Having unsuccessfully tried IVF in the past using her own eggs, Anita and Richard took the next step of using donor eggs to give her a better chance of pregnancy
When we were trying to get pregnant, I had seen a few consultants who had all told me that I would have a very slim chance of conceiving using my own eggs, due to me being over 45, an age when the quality of your own eggs is reduced.
I attended a London Egg Bank free webinar about IVF using donor eggs for women who are over 40, which offered lots of really useful facts and figures about the comparison between using your own and donor eggs.
Having tried IVF unsuccessfully in the past using my own eggs, I was at the stage where I had come to terms with the fact that using my eggs would probably not be successful again, and that I would be very hurt and disappointed again.
I understood at this stage the only way forward was to use a donor egg in order to get pregnant, and together Richard and I were ready to find the right donor.
I went to another clinic in London which told me that I would have to go to Barcelona in order to have the treatment done. We knew that would be a very stressful journey, we weren’t sure what background checks they do for donors, and we were only given limited information about the donors.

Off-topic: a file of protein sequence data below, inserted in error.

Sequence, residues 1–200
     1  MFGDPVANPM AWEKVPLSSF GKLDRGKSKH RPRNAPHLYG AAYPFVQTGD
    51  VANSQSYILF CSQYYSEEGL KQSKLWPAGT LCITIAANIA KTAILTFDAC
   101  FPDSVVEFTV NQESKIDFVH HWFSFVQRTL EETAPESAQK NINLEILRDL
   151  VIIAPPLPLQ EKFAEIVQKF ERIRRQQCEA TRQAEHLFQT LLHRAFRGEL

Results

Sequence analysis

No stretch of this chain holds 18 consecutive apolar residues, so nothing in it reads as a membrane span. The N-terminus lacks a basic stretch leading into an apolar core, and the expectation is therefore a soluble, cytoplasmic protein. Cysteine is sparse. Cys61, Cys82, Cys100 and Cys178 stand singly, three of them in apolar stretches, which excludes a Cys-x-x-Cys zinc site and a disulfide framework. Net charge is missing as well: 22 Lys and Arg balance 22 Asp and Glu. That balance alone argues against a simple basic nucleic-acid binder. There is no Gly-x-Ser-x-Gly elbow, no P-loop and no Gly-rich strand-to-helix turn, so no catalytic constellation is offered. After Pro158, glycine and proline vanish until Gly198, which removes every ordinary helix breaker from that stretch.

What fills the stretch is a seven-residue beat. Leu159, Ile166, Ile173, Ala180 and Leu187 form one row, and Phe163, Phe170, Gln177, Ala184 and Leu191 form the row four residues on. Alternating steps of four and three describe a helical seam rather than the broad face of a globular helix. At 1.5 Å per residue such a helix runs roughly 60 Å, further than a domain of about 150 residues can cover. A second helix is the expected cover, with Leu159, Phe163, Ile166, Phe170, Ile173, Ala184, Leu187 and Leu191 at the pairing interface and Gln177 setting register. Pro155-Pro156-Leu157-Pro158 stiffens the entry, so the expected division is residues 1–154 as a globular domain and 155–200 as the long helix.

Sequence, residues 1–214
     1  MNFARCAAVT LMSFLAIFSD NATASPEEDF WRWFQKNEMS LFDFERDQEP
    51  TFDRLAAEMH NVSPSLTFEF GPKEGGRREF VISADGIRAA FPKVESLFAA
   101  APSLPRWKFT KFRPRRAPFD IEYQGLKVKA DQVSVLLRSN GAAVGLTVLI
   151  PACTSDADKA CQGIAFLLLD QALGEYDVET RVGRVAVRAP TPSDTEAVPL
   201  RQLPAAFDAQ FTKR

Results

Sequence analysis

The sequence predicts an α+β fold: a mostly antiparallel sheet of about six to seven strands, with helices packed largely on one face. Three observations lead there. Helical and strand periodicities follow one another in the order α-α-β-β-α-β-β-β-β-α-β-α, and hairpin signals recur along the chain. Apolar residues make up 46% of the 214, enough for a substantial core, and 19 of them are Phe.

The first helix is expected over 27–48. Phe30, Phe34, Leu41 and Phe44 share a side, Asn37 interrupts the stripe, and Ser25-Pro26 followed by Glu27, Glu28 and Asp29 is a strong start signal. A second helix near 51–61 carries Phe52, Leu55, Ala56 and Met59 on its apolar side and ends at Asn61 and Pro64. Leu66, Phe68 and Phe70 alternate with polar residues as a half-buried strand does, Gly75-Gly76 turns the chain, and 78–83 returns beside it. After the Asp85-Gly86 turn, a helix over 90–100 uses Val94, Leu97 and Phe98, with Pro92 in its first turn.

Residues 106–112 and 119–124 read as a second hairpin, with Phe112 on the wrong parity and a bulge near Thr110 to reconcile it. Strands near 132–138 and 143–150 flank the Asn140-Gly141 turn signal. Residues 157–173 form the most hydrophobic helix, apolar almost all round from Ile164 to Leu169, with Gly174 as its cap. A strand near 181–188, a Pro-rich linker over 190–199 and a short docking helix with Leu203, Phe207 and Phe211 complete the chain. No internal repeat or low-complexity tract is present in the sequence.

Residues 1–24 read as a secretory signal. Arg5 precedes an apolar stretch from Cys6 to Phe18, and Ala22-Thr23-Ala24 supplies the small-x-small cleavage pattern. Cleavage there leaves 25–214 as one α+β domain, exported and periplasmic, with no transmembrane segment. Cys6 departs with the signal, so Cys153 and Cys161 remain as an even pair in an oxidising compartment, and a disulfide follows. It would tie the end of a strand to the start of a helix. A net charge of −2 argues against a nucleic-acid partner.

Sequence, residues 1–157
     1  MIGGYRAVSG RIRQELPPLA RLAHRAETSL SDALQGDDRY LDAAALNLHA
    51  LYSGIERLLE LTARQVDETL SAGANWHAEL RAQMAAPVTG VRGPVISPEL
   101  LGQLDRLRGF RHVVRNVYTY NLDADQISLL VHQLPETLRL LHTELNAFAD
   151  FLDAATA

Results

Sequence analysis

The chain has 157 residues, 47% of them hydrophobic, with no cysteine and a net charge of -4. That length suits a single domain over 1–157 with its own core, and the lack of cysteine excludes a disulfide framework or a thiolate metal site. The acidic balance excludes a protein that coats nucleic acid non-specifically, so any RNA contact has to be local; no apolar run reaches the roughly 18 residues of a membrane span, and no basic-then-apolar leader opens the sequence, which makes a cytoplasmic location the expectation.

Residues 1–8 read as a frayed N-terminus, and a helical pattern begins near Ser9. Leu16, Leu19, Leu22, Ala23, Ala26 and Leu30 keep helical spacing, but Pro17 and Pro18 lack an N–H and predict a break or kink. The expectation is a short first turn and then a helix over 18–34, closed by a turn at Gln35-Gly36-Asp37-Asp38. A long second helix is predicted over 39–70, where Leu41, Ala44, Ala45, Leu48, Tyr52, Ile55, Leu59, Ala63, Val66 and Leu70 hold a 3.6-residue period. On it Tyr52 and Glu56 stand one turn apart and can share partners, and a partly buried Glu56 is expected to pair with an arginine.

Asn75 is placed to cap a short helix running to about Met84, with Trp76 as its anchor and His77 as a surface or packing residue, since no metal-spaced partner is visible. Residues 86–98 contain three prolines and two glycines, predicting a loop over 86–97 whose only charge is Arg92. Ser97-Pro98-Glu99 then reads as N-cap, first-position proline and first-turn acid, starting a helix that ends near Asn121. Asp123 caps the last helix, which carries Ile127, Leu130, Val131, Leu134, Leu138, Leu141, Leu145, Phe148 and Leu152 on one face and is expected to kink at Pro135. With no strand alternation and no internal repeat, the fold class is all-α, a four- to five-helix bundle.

But then I visited the London Egg Bank and met the Consultant, and also met with Donor Manager Annabel Yazdi. Annabel gave us lots of information and put us at our ease. In her own words, she said “I will support you in every way”, and she definitely did that for us. It was really helpful that the London Egg Bank was so closely aligned with the London Women’s Clinic, which gave us seamless treatment throughout.
With some more preparation and getting ready both mentally and physically, we started looking at the egg donor database.
"I went to another clinic in London which told me that I would have to go to Barcelona in order to have the treatment done. We knew that would be a very stressful journey, we weren’t sure what background checks they do for donors, and we were only given limited information about the donors."